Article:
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Large Scale Fraud Cases and the Issues Surrounding E-Discovery Investigations


A recent Report by the Fraud Advisory Panel revealed that the average length of a serious fraud investigation between 2002 and 2006 totalled 33 months, costing the British taxpayer around £100 million per year to fund in Legally Aided cases.

In their recently published document ‘Improving the Investigation and Prosecution of Fraud’, particular attention was paid to two common pitfalls in fraud investigations. Firstly difficulties faced in focusing the investigation during the early stages, and secondly containing the issues that arise when handling large volumes of seized material.

It is no wonder then perhaps that the Fraud Advisory Panel are pushing for the use of resource saving technology in the form of Electronic Discovery to help focus investigations and process vast quantities of information efficiently and effectively. However although E Discovery has been picked up well by the investigative fraud community across the pond, we are being surprisingly slow to respond and many litigators are still unsure of its format and usefulness.

Picture the typical fraudulent scene – a company director and finance team are accused of VAT fraud over its 5 years of trading. The accounts team alone consist of 4 individuals each with their own computer workstations. All invoice documents are created on these computers, and all staff have access to internal and external email facilities. Before the firm switched to electronic invoicing, they were paper based, and so there is also years worth of paper documentation stored on the premises. This could equate to tens of thousands of documents, some of which may have been deleted over time and so are not immediately accessible. So where do the defence team begin to investigate all this information?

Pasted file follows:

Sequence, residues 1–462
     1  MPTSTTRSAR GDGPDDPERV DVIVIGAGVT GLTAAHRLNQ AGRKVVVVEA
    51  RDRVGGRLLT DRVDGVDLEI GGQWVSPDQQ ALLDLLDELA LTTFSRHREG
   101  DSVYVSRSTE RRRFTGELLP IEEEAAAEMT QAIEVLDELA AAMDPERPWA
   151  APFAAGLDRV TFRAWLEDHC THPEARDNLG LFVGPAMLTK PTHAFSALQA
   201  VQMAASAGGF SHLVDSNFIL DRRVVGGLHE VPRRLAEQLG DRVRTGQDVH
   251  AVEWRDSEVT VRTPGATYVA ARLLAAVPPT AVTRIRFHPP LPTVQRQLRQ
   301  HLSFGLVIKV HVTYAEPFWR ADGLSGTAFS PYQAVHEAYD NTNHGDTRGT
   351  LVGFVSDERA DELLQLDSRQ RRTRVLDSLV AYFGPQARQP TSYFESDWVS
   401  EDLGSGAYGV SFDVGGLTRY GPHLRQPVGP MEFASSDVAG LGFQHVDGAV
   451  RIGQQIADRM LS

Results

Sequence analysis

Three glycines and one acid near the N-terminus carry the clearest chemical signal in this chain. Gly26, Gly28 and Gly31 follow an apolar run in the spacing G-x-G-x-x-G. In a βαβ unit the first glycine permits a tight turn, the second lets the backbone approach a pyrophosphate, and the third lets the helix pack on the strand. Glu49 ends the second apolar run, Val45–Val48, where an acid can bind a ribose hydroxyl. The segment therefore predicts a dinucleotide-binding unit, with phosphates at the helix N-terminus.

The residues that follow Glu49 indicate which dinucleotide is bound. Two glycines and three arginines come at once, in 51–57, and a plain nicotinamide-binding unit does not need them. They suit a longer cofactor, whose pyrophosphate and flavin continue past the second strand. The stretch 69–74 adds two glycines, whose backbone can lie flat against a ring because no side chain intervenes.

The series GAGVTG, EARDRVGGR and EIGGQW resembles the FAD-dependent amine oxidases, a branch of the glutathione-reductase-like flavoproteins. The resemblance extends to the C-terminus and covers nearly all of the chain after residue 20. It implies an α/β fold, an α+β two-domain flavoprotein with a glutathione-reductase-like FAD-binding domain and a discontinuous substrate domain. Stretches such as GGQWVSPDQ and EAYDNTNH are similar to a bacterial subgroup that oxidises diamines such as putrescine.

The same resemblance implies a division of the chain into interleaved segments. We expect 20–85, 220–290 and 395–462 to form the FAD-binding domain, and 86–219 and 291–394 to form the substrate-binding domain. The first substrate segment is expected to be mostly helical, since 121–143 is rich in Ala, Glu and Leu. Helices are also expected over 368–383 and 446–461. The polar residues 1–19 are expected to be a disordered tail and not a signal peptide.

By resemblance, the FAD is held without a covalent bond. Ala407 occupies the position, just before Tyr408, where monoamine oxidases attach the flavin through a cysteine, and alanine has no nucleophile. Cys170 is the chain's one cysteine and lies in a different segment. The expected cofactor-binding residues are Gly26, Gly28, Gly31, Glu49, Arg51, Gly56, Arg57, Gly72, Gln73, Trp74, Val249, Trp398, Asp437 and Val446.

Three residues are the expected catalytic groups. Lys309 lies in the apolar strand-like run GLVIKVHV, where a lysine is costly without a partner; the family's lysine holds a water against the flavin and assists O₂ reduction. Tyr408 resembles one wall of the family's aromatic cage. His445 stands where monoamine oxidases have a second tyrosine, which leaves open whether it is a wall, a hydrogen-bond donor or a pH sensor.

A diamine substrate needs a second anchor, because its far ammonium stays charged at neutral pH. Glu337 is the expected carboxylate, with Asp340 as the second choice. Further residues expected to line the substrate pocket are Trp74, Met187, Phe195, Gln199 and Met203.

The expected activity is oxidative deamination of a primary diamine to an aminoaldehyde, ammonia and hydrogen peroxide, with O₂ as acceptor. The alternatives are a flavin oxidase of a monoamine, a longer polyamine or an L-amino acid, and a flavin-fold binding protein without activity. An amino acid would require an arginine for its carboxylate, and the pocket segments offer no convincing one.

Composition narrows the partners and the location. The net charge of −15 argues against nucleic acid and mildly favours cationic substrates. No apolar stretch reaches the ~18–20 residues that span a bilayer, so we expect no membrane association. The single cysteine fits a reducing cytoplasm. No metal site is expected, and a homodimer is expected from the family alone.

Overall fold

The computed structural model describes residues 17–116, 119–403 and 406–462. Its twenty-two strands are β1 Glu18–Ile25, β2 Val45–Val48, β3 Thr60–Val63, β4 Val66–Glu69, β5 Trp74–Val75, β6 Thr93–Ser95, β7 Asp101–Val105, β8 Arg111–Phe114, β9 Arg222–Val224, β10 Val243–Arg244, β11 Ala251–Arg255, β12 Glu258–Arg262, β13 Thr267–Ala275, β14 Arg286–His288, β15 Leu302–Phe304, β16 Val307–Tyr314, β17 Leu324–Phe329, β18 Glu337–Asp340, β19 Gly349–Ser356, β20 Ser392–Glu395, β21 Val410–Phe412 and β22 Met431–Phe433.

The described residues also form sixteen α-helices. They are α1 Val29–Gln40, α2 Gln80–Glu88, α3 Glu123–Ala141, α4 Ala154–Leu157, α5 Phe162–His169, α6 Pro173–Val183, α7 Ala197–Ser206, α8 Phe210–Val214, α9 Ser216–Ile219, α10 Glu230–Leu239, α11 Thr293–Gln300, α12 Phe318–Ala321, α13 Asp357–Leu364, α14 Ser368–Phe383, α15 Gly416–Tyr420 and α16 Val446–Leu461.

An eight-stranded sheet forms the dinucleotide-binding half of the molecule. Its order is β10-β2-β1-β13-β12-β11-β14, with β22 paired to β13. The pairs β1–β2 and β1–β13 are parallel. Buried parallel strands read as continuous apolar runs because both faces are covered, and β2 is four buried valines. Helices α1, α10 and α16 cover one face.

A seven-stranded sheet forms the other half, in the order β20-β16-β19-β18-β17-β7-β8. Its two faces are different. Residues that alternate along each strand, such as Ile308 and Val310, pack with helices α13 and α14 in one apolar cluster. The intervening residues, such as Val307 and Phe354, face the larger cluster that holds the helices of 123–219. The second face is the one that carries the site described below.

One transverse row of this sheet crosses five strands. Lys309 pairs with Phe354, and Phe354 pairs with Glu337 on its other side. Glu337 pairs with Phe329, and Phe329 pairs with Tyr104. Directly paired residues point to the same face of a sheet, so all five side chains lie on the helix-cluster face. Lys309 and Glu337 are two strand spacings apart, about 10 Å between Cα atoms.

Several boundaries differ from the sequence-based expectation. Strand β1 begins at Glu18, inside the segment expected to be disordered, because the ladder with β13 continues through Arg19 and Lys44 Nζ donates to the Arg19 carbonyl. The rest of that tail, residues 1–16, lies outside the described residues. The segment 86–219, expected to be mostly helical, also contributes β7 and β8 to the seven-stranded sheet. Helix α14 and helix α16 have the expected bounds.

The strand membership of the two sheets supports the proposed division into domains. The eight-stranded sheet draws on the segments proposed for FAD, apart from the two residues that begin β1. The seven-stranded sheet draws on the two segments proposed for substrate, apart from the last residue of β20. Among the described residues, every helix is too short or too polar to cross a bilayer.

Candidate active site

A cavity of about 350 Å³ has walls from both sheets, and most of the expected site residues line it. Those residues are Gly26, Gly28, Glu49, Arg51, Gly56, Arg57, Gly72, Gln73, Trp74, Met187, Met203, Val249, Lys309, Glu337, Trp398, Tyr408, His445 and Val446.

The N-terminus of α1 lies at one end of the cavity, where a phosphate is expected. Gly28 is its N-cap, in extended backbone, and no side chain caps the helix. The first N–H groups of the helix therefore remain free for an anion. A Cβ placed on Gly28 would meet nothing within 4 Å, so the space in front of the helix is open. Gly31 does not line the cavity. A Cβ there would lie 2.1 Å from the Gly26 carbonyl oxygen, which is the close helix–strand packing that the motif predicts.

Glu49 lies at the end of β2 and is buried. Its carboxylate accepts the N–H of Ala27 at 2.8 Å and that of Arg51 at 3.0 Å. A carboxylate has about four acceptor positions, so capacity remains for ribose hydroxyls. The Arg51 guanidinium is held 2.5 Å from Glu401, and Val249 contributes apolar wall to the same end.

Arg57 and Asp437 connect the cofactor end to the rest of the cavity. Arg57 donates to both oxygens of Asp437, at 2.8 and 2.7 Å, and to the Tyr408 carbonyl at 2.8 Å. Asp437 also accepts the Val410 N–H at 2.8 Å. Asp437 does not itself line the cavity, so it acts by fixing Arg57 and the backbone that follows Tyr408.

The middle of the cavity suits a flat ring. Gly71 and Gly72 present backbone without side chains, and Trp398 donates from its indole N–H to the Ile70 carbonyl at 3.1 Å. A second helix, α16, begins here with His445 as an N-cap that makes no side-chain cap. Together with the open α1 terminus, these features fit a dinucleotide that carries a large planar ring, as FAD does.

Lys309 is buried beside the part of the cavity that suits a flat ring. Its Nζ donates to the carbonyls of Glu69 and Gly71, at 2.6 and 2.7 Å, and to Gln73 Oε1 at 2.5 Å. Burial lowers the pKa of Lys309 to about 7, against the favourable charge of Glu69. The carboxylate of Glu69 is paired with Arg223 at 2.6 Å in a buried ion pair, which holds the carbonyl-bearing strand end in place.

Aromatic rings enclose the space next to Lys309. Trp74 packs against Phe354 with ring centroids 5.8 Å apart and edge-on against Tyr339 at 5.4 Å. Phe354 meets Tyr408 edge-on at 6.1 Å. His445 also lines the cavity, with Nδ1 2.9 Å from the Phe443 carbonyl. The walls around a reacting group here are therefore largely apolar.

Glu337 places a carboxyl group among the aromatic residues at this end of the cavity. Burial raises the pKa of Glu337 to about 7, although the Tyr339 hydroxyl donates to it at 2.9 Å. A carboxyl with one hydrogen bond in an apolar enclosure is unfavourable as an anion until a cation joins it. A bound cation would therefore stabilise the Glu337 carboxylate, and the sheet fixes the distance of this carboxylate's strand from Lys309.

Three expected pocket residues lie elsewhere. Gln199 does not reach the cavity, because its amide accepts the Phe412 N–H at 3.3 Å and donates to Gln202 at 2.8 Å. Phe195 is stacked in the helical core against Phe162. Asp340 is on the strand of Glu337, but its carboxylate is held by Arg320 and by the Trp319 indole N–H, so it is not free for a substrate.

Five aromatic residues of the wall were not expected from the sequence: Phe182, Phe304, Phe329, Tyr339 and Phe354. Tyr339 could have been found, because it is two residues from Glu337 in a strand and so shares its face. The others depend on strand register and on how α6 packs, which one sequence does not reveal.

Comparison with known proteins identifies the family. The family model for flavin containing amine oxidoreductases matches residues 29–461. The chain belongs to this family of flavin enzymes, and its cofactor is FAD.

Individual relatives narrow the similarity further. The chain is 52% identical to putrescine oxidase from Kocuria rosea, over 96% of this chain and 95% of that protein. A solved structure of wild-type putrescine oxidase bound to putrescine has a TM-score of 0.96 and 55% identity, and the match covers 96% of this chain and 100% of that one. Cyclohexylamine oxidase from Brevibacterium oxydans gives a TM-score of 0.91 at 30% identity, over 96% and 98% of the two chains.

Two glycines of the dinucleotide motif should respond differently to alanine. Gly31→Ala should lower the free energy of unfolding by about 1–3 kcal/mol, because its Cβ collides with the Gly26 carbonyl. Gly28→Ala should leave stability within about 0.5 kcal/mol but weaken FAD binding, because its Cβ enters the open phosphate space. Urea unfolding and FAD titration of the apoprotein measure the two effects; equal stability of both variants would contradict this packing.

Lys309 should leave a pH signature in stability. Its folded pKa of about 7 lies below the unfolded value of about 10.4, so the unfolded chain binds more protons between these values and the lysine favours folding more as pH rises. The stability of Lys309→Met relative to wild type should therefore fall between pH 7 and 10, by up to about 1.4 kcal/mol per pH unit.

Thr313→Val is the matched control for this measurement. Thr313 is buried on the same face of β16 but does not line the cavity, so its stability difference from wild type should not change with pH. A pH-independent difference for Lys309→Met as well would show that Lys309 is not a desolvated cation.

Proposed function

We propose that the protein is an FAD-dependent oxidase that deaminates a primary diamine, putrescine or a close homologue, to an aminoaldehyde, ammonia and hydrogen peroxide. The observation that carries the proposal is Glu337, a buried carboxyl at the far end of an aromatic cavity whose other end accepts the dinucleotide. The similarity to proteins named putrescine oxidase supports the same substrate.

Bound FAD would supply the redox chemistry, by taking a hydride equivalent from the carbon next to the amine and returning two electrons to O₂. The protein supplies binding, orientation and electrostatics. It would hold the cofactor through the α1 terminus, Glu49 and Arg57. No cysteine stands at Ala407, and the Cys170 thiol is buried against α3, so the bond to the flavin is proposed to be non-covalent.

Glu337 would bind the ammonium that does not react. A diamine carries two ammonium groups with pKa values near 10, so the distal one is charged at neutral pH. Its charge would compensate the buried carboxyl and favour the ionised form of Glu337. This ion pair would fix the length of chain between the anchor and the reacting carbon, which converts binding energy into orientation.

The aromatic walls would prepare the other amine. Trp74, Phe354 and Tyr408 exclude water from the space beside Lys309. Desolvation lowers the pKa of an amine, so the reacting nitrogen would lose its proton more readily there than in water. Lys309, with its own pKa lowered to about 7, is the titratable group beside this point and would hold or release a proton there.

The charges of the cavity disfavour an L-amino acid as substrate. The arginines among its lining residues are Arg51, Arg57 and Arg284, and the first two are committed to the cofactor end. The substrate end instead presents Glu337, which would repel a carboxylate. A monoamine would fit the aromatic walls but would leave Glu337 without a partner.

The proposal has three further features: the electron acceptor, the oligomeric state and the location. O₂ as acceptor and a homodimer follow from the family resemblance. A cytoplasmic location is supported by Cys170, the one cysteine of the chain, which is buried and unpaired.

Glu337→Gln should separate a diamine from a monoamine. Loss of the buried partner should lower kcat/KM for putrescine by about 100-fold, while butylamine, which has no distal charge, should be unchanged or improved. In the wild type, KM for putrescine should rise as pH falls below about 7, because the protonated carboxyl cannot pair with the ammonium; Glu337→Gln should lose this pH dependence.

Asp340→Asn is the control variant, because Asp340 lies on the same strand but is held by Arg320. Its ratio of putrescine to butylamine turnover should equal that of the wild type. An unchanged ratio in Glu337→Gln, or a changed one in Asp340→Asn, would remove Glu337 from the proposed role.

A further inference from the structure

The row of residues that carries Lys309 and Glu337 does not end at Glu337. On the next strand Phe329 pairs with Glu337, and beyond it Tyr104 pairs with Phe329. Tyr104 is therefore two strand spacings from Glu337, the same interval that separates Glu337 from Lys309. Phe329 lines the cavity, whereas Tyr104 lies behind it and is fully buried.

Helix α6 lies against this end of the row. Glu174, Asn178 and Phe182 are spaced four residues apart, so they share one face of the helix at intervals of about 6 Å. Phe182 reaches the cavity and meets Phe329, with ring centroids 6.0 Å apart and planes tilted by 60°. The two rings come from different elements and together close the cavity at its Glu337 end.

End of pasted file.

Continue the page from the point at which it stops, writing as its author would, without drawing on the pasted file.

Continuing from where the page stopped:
The solution to investigations of this nature from an investigative point of view is Electronic Discovery. Electronic Discovery is the review and production of evidentiary material for litigation, stored in electronic format. This may include email, word processing documents, spreadsheets, databases and presentations.

E Discovery is entirely ACPO compliant provided it is carried out using recognized forensic procedures. It provides the defence team with the tools needed to conduct fast and effective searches. They have all documents and emails created by the defendant company throughout its time in trading at their discretion stored on CD. All documents can be viewed in a PDF format or printed as required. They can be searched by key names, dates, document titles etc, can be annotated or redacted, copies of the edited E Discovery database can then be shared between the defence team. In addition, the documents in the database have been Bate stamped, so can be served as disclosure during the litigation process.

This seems simple enough, so why are we not utilising this service to find the proverbial needle in the haystack in large scale fraud cases?


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